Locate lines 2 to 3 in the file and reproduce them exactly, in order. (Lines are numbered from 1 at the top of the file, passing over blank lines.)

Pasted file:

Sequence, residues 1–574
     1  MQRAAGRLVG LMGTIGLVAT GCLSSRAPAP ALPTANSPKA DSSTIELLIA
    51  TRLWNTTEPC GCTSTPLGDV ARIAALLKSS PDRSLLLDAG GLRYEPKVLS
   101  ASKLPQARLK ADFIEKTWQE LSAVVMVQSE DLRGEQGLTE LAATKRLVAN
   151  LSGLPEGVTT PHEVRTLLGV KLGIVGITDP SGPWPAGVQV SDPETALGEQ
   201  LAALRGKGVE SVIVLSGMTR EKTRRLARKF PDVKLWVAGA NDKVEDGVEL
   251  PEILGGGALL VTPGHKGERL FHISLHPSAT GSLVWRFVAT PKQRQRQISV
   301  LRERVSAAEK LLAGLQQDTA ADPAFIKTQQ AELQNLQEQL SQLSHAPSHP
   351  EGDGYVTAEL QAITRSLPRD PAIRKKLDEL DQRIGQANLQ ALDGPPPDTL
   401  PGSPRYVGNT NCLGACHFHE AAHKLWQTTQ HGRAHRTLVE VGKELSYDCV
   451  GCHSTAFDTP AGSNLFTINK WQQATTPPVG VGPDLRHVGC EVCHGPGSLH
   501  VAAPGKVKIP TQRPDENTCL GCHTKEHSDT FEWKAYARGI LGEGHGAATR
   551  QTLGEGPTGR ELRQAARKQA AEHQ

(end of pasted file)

     1  MQRAAGRLVG LMGTIGLVAT GCLSSRAPAP ALPTANSPKA DSSTIELLIA
    51  TRLWNTTEPC GCTSTPLGDV ARIAALLKSS PDRSLLLDAG GLRYEPKVLS